Like

    • That would be a very odd place. Would the writer’s break off into factions and battle over turf?

      Another subconscious solution from the sound of it. Maybe the block is really a forcing issue or simply not letting a problem go until it gets clogged.

      Liked by 1 person

      • Okay, I was being over optimistic. I didn’t even consider factions and turf wars. Perhaps my idea of block is more party, less West Side Story! I should not be so facetious 😉

        And yes, I think Nicholas is right about the patience issue. I think all writers suffer from impatience. Sometimes there is so much in our head we stumble at the first hurdle because we can’t get it out fast enough!

        Like

  6. Astro Adam says:

    Buzz Lightyear never sugar coats the truth.

    Like

  7. Rachel says:

    1. Writers block is all in your mind. I don’t really think writers block exists, but we trick ourselves into thinking it is because people talk about it all the time. When I get “writers block” I think it’s just because I’ve been working too much on one story and my mind needs a break, my characters need a break. One of my favorite quotes is, “Writers block is when your imaginary friends stop talking to you.” Though I can’t remember who said it or where it came from.

    2. The last time I had writers block was when I was working on my mystery series. I found a few plot holes in the mystery and the clues given as well as got stuck on the investigation and how to make it more realistic. I stopped working on that novel for a couple of weeks. When I was ready, I began with research instead of diving back into the writing or editing. The research inspired me to get excited about the project again.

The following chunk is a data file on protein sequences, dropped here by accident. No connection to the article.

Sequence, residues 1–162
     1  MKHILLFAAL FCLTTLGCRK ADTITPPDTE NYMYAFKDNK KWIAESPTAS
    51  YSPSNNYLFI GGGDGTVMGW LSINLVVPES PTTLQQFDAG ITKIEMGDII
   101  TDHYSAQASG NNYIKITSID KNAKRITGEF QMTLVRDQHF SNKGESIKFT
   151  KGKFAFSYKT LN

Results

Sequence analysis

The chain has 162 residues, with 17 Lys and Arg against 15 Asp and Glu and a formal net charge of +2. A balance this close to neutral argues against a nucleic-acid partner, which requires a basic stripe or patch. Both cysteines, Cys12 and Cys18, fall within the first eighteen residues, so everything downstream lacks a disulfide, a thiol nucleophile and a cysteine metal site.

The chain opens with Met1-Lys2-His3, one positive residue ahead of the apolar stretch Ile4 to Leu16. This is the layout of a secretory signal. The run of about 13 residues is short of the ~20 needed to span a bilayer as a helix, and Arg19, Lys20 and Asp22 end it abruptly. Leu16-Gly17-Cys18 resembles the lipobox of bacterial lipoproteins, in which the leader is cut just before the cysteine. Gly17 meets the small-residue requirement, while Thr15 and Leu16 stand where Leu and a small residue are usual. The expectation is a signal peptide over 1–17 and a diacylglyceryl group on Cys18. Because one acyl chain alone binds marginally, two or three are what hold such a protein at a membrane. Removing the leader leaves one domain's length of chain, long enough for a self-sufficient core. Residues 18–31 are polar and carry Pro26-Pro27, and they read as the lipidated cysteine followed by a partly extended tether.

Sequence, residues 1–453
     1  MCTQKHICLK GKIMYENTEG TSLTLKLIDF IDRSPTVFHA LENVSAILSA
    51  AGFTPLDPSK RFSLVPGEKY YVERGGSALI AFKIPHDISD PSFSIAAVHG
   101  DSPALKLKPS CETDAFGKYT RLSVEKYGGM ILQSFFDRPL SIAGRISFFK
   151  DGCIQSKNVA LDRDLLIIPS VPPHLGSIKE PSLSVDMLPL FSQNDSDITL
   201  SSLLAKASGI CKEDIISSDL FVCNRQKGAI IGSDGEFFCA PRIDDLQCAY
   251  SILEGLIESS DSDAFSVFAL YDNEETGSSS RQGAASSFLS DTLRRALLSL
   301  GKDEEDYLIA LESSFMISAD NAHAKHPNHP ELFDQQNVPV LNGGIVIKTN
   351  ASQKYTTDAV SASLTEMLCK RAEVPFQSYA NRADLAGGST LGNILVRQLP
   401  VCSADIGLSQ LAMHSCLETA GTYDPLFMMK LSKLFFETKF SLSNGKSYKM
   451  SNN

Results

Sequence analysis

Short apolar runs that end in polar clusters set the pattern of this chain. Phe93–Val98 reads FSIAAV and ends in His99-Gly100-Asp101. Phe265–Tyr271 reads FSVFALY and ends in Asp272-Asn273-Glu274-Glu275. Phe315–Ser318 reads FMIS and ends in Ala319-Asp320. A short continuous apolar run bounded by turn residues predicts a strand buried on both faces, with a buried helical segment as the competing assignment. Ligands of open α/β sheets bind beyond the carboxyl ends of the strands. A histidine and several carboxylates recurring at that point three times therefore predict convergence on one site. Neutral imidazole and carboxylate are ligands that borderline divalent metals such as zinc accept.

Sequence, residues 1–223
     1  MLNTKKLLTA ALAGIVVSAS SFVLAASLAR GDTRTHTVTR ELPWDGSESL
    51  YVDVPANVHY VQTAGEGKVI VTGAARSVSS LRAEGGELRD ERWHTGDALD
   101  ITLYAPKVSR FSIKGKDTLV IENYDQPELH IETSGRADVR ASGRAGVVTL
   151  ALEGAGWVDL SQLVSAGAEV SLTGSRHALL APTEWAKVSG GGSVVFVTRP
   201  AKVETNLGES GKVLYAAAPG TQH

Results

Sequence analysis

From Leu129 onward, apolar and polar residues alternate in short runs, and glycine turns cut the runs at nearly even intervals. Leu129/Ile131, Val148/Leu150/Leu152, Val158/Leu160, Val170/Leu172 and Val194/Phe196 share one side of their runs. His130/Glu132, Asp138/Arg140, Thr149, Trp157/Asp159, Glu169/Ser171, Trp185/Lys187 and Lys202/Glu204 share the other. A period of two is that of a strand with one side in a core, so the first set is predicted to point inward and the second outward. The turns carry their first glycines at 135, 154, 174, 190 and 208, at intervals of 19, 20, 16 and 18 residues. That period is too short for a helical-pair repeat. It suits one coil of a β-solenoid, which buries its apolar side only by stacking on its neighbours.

3. My point before is one way I overcome it: take a break from the current project. Or I’ll read a book like Harry Potter–one that really puts me in the mood to write something fantastic. Most of all I’ll find a prompt and work on that for a bit. A random prompt usually sparks new ideas for plots and characters.

    Like

    • That is a great quote. I’m seeing a lot of people say that writer’s block doesn’t exist, which is funny. Saw a bunch of posts this week going on about it being a thing. Maybe it’s more about what images the term brings to mind. We have to define stuff and that seemed to fit early on and then stuck.